Arkansas’ bizzaro raw milk laws

Thus spake the Ninja Poodles… Seriously, the excerpt below is actually from the blog of the Ninja Poodles, who, one might imagine, roam the state of Arkansas looking for legal sources of raw milk to drink. What they find there truly is bizarre. Read on:

Let me say right at the start here that I do not believe that humans NEED milk, in any form other than from their mothers, as infants. I don’t. I also think that modern industrial dairy practices have given us a product that is a far cry from anything nature ever intended. But the fact is, I love the stuff, and I especially love the stuff that you can make from it, and used judiciously, I believe it can be an important and even beneficial part of a human diet. But the more I learn, the more I know that I don’t want my daughter consuming the quantities of milk that I did as a child, and I want the dairy products she does consume to be of the highest quality, and as natural as possible.

I’ve been killing myself trying to find a source of fresh, raw, grass-fed milk to buy. As it is in most of the country, buying and selling raw cow’s milk is illegal in Arkansas. There is a loophole, apparently, where you can “invest” in a dairy cow, and get paid dividends in the form of milk from that cow. Really–it’s called a “cow share,” and I’d love to find one. I don’t think I’m going to have any luck, though, because it looks like the hoops the farmers have to jump through to offer a cow share are many, and tricky. And it’s painfully obvious that the barriers against this practice have FAR less to do with protecting the consumer from health threats than with protecting the huge and powerful corporate dairy industry from competition.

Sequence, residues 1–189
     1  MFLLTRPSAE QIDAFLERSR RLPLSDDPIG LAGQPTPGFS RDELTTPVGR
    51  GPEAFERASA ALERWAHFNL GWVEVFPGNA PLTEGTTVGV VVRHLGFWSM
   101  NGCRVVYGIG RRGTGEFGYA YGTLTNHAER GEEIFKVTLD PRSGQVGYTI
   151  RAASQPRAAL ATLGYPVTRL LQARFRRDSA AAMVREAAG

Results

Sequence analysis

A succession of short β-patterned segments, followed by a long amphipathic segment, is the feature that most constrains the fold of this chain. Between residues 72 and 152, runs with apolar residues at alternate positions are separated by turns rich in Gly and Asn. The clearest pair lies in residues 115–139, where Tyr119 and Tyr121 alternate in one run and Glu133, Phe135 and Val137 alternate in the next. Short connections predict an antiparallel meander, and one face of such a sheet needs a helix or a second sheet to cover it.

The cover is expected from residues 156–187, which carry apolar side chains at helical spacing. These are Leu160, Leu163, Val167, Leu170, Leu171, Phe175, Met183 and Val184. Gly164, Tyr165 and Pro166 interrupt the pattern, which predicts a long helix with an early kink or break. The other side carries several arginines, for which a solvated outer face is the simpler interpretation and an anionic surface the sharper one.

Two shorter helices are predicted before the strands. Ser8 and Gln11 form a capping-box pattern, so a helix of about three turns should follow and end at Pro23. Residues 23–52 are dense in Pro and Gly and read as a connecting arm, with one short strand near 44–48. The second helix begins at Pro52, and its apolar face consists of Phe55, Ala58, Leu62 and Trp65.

Hello, Dairy Industry! Yes, I realize you’ve purchased ad space that runs here, and, well, yes, I understand about biting the hand that feeds me, but hey–you want some consumer feedback? GIVE ME BETTER CHOICES. Give me organic, GRASS-FED milk from cows that actually live the lives portrayed in the graphics ON YOUR PACKAGING, that hasn’t been ULTRA pasteurized so that it’s a totally dead product. Release your lobbyists’ stranglehold on the industry so that people like me are able to procure milk products from small, LOCAL farmers. Hey, here’s a thought–if my milk only has to travel, say, a couple hundred miles or less to get to me, then maybe it won’t NEED to be nuked to such an extreme that it has a two-month shelf life!